Walking in the countryside it seems that the winds have stopped… Could you vote for the @SecularParty? #auspol

Secular Party of Australia

Secular Party of Australia (Photo credit: Wikipedia)

After the brouhaha of the weekend in which we discovered that no reasonable person could vote for Wikileaks or the Sex Party, it seems the next contender for the ‘Alternative Option’ vote is the Secular Party.

This could go one of two ways.  Either it could be a party really engaged with the deep questions of what a post-religious society could look like, or it could be a party trying to capitalise on the Dawkins-inspired derpfest of New Atheism.  I haven’t read their policies yet, so I’m hoping for the former.  Hoping.

Their website outlines a number of the party’s aims and what they stand for.

The Secular Party holds that religious beliefs can give rise to unwarranted restrictions on civil liberties and constitute a source of social disharmony. We seek to uphold the internationally recognised “Declaration of the Rights of the Child”. This document implies that children should be free to develop to their full potential, including the capacity for freedom of thought. Children should be protected from religious indoctrination. Ethics should be based on universal principles, such as compassion, honesty, freedom and justice.

So it’s pretty obvious from the opening bat that they’re a bunch of nutcase New Atheists.  Religious beliefs can give rise to unwarranted restrictions on civil liberties and constitute a source of social disharmony?  So can economics, but we don’t see them calling for an end to the economy.  The phrase ‘freedom of thought’ is particularly interesting.  The same page makes the claim that the party is against ‘censorship’ shortly before the claim that they are against ‘religious attire at schools’.  It’s difficult to be against a particular form of expression (religious attire at schools, I’d wager, is a reference to Muslim children wearing headscarves) and yet simultaneously against censorship and in favour of freedom of thought.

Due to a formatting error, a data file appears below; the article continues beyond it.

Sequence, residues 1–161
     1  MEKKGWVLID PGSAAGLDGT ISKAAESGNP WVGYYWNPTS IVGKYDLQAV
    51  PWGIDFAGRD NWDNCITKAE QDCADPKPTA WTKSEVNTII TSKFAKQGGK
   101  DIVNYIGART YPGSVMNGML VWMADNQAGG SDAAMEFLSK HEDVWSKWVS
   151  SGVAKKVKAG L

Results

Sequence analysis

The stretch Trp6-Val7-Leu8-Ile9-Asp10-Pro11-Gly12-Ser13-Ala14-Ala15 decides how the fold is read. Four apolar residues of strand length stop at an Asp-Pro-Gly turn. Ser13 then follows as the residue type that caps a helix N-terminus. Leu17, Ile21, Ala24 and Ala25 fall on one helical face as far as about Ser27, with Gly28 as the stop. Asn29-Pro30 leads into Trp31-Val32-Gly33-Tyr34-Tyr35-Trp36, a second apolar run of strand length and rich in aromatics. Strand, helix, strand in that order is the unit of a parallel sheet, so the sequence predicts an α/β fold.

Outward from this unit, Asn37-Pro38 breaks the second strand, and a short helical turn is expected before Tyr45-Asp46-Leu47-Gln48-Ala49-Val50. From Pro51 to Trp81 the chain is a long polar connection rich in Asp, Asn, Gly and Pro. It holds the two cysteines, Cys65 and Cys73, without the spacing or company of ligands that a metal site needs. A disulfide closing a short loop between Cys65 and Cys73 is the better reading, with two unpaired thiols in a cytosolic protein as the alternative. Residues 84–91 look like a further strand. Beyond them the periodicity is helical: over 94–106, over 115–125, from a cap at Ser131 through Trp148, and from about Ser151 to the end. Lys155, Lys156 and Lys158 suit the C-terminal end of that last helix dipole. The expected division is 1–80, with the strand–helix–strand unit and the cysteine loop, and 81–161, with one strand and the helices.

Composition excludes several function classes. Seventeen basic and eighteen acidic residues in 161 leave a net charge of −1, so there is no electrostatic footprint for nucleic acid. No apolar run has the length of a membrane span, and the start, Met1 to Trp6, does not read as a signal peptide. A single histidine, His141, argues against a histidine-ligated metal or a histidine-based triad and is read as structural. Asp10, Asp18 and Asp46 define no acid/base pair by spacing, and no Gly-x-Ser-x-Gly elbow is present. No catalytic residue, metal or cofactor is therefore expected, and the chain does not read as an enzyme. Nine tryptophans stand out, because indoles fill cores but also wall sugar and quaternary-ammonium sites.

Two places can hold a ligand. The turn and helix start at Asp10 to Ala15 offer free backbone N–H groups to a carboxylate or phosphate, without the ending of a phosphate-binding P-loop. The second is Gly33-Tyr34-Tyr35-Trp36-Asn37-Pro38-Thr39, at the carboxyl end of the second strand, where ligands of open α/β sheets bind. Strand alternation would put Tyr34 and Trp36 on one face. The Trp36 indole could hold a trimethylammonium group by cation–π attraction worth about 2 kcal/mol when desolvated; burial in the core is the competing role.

‘Freedom of thought’ and opposition to censorship also sits strangely next to the claim that they are against exemptions from anti-discrimination legislation for religious organisation.  So the party wants to ban religious attire in schools, but doesn’t want to allow religious organisations to make similarly discriminatory declarations.

There is a puzzle about the word ‘should’ in the phrase ‘Ethics should be based on universal principles, such as compassion, honesty, freedom and justice’.  This makes it different to mainstream New Atheism which is overtly consequentialist in its approach: ethics is based on the end utility rather than principles.  But it also uses these words as if they are unproblematic and obvious.  What does ‘justice’ mean outside of a particular legal framework?  Are these legal frameworks universal?  Should they be universal?

The justice question again arises when the party says that it stands for ’embryonic stem cell research’.  I’m in favour of embryonic stem cell research, but I can certainly understand the claim that an ethical system that championed justice for the unborn would have a problem with it.